An article for Next City reveals the transportation policy platforms of Ted Cruz, Donald Trump, Hillary Clinton, and Bernie Sanders, asking the question of whether any of them will shift new support to public transit.
Daniel McGraw reports on a talking point missing from the presidential campaign trail thus far: "As a country, we are in the middle of a radical shift in our relationship to the automobile and its role in transportation, and the current candidates aren’t speaking much to the change." After providing some evidence that more of the country is, in fact, ready to adopt a more multi-modal lifestyle, McGraw goes on to examine the transportation policy platform of each of the remaining candidates from the two major parties.
Starting with Senator Ted Cruz, McGraw notes that the Tea Party favorite has promised to kill funding for the New Starts Transit Program and has already voted against the FAST Act—the first multi-year transportation funding bill passed by Congress since 2005. By contract, Donald Trump has "expressed more than once what seems like jealousy of other countries’ 'super-speed trains'" and has stated, albeit vaguely, that the United States should spend more on mass transit.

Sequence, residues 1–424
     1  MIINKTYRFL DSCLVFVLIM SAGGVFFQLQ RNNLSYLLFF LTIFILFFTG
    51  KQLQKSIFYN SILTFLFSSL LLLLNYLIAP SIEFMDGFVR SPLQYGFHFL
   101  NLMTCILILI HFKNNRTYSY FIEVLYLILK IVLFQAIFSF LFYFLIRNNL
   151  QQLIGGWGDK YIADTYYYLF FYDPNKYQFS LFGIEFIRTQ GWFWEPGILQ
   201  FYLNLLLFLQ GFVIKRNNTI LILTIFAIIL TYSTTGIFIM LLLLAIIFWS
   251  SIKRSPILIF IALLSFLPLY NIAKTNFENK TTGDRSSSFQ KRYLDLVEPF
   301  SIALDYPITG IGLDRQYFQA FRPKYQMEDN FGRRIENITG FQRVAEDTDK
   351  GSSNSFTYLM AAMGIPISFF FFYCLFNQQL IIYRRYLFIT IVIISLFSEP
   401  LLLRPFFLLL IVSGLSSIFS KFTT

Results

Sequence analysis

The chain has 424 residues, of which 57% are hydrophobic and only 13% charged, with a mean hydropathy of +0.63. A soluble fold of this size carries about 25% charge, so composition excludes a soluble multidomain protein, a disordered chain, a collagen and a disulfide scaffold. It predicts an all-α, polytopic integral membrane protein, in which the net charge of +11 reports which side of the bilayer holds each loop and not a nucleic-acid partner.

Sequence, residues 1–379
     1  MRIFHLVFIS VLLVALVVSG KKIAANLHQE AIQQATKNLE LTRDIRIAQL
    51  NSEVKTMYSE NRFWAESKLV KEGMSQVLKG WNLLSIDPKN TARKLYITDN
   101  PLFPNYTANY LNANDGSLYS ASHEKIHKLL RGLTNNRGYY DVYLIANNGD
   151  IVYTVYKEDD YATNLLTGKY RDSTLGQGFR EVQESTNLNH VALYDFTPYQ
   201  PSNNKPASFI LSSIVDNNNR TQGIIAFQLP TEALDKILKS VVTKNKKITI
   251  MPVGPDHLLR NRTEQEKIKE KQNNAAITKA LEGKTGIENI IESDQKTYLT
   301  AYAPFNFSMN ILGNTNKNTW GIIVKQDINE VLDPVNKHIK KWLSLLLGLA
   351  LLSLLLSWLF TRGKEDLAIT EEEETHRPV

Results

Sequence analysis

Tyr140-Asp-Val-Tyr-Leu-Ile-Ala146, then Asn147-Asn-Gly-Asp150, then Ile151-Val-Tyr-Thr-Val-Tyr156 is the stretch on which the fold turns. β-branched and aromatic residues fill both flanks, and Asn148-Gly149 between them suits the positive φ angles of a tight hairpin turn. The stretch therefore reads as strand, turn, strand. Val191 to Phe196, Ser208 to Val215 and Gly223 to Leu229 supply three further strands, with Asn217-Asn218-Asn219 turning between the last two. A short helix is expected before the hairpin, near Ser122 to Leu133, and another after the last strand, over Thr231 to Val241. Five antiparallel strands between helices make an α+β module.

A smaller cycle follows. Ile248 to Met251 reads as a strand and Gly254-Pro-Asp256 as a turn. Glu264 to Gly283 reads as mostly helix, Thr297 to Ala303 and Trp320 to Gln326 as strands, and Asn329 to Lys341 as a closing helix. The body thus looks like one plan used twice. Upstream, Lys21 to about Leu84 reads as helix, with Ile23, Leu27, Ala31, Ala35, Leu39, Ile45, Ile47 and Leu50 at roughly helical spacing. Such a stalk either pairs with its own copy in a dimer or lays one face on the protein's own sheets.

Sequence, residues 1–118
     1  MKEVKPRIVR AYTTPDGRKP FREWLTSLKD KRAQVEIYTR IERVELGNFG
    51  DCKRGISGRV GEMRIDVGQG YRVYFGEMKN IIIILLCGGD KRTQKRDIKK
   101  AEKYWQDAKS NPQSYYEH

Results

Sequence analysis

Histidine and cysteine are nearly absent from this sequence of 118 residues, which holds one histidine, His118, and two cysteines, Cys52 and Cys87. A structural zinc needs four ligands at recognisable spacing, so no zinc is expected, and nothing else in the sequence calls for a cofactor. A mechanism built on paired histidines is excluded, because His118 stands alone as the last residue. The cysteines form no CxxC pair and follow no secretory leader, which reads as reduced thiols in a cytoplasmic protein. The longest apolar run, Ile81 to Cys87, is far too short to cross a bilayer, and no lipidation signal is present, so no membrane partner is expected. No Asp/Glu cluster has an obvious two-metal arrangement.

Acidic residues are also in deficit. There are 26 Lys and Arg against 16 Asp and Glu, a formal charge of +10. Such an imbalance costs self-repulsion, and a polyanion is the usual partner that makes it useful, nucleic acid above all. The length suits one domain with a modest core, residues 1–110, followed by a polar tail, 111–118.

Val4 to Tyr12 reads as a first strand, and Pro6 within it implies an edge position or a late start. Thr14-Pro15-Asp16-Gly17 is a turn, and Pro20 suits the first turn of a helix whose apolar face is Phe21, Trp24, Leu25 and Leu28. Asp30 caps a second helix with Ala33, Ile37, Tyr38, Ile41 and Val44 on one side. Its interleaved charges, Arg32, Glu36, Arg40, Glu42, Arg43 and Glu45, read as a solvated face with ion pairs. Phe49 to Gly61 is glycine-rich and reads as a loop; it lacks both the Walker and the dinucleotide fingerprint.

McGraw finds more consistency on the side of the Democrats, noting that "both Clinton and Sanders think more spending on mass transit is needed…" According to McGraw, " Sanders wants to spend $1 trillion over five years on infrastructure, which will include mass transit improvements." And "Clinton wants to increase spending by $275 billion over five years" on roads, bridges, and transit. Sanders and Clinton differ, however, in how that money would be spent.
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